- Business books and records, operating systems, or any other information base, including lists or other information concerning current or prospective customers
- Patents, copyrights, formulas, processes, designs, patterns, know-hows, formats, or similar items
- Customer-based intangibles including customer bases and relationships with customers
- Supplier-based intangibles including the value of future purchases due to existing relationships with vendors
- Licenses, permits, or other rights granted by governmental units or agencies (including issuances and renewals)
- Covenants not to compete or non-compete agreements entered relating to acquisitions of interests in trades or businesses
- Franchises, trademarks, or trade names
- Contracts for the use of, or term interests in any items on this list
Some intangible assets, with goodwill being the most common example, that have indefinite useful lives or are “self-created” may not be legally amortized for tax purposes.
According to the IRS under Section 197, some assets are not considered intangibles including interest in businesses, contracts, or land, most computer software, intangible assets not acquired in connection with the acquiring of a business or trade, interest in existing lease or sublease of tangible property or existing debt, rights to service residential mortgages (unless it was acquired in connection with the acquisition of a trade or business), or certain transaction costs incurred by parties to a corporate organization in which any part of a gain or loss is not recognized.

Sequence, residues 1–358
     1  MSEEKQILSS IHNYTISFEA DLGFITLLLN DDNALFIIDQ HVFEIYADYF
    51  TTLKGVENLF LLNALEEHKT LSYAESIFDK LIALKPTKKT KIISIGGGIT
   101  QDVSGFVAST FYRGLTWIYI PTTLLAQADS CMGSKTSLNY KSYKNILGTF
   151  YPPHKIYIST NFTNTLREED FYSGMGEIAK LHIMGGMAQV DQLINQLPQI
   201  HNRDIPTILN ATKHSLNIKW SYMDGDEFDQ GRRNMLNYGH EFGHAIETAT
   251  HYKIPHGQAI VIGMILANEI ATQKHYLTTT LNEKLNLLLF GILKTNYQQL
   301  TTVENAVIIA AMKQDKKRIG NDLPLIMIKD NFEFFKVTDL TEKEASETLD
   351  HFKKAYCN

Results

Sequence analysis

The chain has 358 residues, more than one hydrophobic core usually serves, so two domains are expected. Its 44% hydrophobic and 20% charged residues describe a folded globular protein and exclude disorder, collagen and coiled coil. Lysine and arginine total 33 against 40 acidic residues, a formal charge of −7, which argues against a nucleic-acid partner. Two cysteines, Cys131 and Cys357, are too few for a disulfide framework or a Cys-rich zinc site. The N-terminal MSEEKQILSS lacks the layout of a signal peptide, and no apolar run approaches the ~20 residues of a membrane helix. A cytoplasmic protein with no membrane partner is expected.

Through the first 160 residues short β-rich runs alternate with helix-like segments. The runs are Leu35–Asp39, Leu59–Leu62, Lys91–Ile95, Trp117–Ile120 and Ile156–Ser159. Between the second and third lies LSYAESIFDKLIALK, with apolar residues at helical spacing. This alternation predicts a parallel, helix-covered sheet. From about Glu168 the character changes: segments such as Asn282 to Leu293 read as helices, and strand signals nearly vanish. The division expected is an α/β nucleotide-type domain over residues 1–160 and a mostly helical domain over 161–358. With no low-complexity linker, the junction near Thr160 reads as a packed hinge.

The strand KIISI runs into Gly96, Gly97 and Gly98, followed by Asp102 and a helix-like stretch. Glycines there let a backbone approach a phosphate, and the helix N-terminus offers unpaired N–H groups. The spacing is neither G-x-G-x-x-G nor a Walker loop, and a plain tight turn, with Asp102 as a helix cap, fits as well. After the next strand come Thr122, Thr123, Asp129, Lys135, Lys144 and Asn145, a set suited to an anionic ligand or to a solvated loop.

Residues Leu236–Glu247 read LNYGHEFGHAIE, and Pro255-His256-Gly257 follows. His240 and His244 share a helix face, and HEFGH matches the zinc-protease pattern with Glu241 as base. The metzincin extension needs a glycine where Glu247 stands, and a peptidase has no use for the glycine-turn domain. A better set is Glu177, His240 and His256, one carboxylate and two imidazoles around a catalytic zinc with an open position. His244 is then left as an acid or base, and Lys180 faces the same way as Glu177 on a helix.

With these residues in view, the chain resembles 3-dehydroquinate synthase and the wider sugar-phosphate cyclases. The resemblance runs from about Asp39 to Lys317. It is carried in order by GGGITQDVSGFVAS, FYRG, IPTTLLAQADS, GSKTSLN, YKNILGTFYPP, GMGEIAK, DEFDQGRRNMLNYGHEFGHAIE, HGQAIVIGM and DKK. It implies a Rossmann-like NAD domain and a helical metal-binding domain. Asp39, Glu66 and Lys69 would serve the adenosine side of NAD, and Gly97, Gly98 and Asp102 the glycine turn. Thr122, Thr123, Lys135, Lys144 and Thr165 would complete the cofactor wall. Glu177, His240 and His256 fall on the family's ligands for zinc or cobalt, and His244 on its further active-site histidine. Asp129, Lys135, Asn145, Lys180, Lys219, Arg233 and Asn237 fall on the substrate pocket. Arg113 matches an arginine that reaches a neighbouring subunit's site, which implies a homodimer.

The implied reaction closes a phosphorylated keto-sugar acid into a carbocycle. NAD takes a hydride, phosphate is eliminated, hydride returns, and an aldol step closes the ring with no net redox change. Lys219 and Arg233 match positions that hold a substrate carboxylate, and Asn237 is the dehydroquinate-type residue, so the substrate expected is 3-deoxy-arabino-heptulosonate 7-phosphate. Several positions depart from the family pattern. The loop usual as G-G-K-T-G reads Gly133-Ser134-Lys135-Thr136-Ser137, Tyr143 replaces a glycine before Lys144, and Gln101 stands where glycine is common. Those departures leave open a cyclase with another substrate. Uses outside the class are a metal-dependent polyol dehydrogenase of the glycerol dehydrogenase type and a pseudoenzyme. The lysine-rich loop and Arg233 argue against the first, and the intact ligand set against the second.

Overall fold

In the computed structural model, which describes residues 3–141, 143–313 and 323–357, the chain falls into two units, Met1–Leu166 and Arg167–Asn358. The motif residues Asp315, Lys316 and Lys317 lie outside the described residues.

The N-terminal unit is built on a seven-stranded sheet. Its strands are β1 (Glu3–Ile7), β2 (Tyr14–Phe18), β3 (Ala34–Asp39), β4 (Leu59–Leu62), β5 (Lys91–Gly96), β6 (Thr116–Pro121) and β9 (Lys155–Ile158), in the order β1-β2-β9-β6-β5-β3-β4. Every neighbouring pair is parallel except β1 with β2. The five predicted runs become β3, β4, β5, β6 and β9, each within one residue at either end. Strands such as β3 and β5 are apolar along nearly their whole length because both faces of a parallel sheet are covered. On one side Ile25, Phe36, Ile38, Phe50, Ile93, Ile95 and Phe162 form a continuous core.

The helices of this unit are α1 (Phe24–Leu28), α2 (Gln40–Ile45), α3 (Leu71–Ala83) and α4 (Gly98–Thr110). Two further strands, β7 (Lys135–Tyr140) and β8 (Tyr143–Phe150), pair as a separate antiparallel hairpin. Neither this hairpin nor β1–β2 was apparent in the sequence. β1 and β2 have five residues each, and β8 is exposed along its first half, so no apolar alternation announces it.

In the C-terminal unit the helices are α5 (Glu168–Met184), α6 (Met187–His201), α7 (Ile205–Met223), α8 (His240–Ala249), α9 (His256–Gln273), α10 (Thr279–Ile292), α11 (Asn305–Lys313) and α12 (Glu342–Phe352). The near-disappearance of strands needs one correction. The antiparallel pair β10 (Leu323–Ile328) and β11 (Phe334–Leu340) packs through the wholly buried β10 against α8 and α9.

Business Tax Purposes
In the U.S., amortization is a legal expense of doing business and can be utilized to reduce an organization’s taxable income, which many companies take advantage of. Depreciation, which can be defined as the amortization of tangible assets, is found on most companies’ income statements as an expense that is generally tax deductible. Depending on each company and what their business entails, tangible assets depreciated can be factory machinery, trucks, and various equipment. Intangible assets can be any of the examples listed above excluding the exceptions right underneath. All amortizable assets are disclosed on Form 4562 provided through the IRS where new assets are listed first, and then subsequent assets that are in the midst of an amortization schedule from previous years. The calculated results are then transferred to the relevant tax return forms, depending on type of business such as sole proprietorship or corporation.
Amortizing Startup Costs
An exception to amortization in business tax are business startup costs, which are defined as costs incurred to investigate the potential of creating or acquiring an active business and to create an active business. They must be the expenses deducted as business expenses if incurred by an existing active business, and must be incurred before the active business begins. Examples of these so-called costs include consulting fees, financial analysis of potential acquisitions, advertising expenditures, and payments to employees, which all must incur before the business is deemed active. According to IRS guidelines, initial startup costs must be amortized, and $5,000 can be deducted during the first tax year of the business.